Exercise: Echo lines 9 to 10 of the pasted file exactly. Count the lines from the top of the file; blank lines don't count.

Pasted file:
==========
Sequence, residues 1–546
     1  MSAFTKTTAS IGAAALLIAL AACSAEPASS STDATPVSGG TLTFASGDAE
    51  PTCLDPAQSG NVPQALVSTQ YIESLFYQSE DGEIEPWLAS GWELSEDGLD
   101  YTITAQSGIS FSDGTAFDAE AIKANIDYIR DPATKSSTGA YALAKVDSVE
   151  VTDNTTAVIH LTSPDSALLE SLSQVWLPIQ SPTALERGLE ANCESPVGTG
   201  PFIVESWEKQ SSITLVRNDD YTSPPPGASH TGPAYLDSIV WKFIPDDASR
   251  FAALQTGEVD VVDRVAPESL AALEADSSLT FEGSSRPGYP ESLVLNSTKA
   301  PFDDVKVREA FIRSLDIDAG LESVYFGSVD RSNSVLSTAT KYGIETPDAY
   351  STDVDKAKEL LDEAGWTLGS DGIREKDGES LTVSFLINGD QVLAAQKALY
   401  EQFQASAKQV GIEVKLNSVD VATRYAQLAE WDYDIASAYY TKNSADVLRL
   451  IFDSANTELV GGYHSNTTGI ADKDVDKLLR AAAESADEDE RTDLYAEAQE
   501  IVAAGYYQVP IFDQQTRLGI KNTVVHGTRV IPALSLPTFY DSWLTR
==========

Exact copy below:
   351  STDVDKAKEL LDEAGWTLGS DGIREKDGES LTVSFLINGD QVLAAQKALY
   401  EQFQASAKQV GIEVKLNSVD VATRYAQLAE WDYDIASAYY TKNSADVLRL